Street Art: ANXTI

Street Art: Giving Marginalised Individuals an Outlet for Creative Expression

Every week in The Big Issue, our Street Art page gives talented, marginalised individuals an outlet for creative expression, as well as a platform to sell their prints through The Big Issue Shop.

ANXTI is an artist from South London. He created this piece, especially for The Big Issue. “My work deals with my own issues with anxiety,” he explains. “It’s something I have suffered from my entire life. ANXTI is one of my coping mechanisms. The physical act of making my work, even thinking about it, is a great distraction from the stresses of everyday life. My hope for this project is to help, entertain and increase the awareness of male mental health issues like anxiety.”

The SEUK Awards, Vote For Your Favourite Enterprise!

The UK Social Enterprise Awards

The UK Social Enterprise Awards recognise businesses that give back, enrich communities and make a contribution to society, as well as those who lead them – the social entrepreneurs who use their business acumen to make a real difference, tackling social and environmental problems both in Britain and abroad.

With brands like Stand 4 Socks, From Babies With Love and The Soap Co. in the runnings for the award, it’s a tough but important choice to make! So, show your favourite social enterprise some love and vote using the poll in the link below, hurry though, poll finishes on 6th November:

Vote Here! 





Street Art: Kathleen

Street Art: Giving Marginalised Individuals an Outlet for Creative Expression

Every week in The Big Issue, our Street Art page gives talented, marginalised individuals an outlet for creative expression, as well as a platform to sell their prints through The Big Issue Shop.

Kathleen lives in Islington, London and paints at Studio Upstairs in Dalston, a studio for people with mental health difficulties. Previously she lived in hostels around London. “I really love oil painting and wish I could make a living out of it,” she says. “I paint autobiographical work, landscapes, portraits, feminist issues, political and social issues. Two years ago –on my birthday – I did a presentation at the Royal Academy of Arts for the Education Department. Several years ago I exhibited a painting in the Turbine Hall at the Tate Modern in an arts festival.”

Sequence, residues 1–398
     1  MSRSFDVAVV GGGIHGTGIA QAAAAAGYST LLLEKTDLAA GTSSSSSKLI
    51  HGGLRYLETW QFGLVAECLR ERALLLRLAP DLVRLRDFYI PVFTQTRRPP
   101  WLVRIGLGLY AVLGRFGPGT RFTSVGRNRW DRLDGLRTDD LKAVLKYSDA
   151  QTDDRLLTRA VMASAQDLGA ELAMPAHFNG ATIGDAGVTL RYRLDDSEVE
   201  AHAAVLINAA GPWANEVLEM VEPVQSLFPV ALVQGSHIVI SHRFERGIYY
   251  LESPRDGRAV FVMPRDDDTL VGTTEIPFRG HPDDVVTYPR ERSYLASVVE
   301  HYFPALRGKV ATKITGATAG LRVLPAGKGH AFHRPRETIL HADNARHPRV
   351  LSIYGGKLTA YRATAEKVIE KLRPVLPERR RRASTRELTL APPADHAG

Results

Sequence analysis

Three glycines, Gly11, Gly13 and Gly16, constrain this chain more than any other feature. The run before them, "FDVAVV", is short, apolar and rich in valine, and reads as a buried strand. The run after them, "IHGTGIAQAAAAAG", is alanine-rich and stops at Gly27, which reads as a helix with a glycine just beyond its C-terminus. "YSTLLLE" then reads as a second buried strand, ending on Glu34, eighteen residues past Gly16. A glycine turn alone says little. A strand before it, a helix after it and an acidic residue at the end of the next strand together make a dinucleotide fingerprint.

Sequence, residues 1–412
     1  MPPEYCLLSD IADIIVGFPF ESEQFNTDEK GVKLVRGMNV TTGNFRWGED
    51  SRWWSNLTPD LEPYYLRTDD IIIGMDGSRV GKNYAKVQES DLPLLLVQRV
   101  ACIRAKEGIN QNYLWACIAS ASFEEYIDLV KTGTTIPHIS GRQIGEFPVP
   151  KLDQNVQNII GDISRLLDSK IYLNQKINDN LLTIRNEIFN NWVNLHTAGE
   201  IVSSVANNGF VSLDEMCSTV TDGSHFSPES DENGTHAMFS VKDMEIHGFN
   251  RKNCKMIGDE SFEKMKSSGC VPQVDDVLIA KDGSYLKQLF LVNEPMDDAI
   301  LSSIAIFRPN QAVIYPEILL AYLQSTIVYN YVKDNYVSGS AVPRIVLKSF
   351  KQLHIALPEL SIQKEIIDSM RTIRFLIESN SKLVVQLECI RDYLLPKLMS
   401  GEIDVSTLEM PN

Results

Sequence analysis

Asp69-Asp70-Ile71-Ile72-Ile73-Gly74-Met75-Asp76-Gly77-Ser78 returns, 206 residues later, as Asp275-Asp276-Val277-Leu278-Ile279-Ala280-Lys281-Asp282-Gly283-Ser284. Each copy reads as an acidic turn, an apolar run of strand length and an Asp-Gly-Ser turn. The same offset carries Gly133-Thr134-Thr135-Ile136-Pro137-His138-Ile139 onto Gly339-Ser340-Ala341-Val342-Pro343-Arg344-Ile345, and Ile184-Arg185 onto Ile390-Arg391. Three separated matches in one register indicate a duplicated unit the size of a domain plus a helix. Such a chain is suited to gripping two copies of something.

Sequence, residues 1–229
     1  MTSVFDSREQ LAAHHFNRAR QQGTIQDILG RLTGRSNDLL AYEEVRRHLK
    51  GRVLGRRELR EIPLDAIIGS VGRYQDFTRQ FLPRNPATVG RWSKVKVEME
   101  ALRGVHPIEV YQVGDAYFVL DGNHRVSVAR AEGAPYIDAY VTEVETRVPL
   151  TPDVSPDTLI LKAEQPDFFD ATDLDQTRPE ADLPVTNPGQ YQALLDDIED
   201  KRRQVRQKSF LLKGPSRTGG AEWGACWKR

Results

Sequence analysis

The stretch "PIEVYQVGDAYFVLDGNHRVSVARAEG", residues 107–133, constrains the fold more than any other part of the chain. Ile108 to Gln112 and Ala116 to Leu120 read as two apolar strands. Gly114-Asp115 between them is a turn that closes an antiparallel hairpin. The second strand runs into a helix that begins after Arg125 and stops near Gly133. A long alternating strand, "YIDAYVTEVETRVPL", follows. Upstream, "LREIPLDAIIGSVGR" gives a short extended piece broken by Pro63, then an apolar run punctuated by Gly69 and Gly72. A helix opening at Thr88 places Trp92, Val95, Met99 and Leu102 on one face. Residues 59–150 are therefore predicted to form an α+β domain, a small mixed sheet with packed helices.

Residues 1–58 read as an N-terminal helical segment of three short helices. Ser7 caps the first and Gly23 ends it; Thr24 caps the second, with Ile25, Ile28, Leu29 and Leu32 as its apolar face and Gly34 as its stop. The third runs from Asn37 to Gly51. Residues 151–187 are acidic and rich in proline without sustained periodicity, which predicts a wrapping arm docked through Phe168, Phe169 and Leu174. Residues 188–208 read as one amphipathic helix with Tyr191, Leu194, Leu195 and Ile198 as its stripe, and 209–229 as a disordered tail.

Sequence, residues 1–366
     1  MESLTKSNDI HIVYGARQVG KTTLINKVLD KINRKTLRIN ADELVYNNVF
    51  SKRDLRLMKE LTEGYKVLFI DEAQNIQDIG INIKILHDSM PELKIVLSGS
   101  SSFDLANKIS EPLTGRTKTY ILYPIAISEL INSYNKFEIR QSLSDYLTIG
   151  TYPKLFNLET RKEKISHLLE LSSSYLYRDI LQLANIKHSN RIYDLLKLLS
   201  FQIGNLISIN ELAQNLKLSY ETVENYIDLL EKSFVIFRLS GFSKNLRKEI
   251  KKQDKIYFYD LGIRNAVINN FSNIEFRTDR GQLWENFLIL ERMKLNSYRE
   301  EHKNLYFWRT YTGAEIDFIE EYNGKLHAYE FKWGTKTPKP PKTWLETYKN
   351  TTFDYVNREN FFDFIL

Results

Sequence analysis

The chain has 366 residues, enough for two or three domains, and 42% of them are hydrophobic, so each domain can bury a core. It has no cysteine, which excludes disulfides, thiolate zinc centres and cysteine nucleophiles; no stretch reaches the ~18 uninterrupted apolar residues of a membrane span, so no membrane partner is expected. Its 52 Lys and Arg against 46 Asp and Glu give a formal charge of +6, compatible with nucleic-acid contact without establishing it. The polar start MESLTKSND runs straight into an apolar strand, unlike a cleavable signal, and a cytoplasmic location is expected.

Vendor Spotlight: Elephant Branded

Vendor Spotlight: Elephant Branded

Elephant Branded has a simple premise – buy one ethically made, recycled bag or related product and they give one ergonomically designed school bag and kit to a child in Africa or Asia. Founded by James, Mey and Pry, Elephant Branded pays a fair, competitive wage to local villagers who then make bags out of locally sourced, recycled materials. Not only do they get a reasonable wage but they also have the opportunity to learn valuable skills that permit them to have a sustainable, effective way to get out of poverty.

One of the founders, James, explained the beginnings of the company – “Mey’s family had previously made bags out of silk in Phnom Penh so she taught Pry how to do it, and then after experimenting with old cartons and bags, Pry came across an old cement bag lying on the floor and thought “You know what, we could make a bag out of that!”

The Lord Bird Art Collection

The Lord Bird Art Collection

The Big Issue marked its ’25+1 birthday’ with a special edition of the magazine – and an exclusive exhibition was held at The Framers Gallery, London, showing artwork by its founder, Lord John Bird. The founder’s artwork addresses themes of the human form and nature, with an ever-present undertone of the benefit of doing social good through social trading.

“It felt natural to mark our just over a quarter of a century celebrations with a special issue that nods towards the good that creativity can do in our world today.” explains Lord Bird. “Art in particular has meant so much to me over the years. It was a saviour in my troubled youth. I would go to drawing classes rather than hanging around with the lads I grew up with who were knee-deep in wrongdoing.”

These limited edition prints are now available here on The Big Issue Shop, with only ten of each size being produced and sold. Check out the full collection by clicking the link below:


Get Ready For Social Saturday!

Get Ready For Social Saturday!

Social enterprises are businesses that put people and planet first, by re-investing their profits to provide training, employment, education, clean water and much, much more.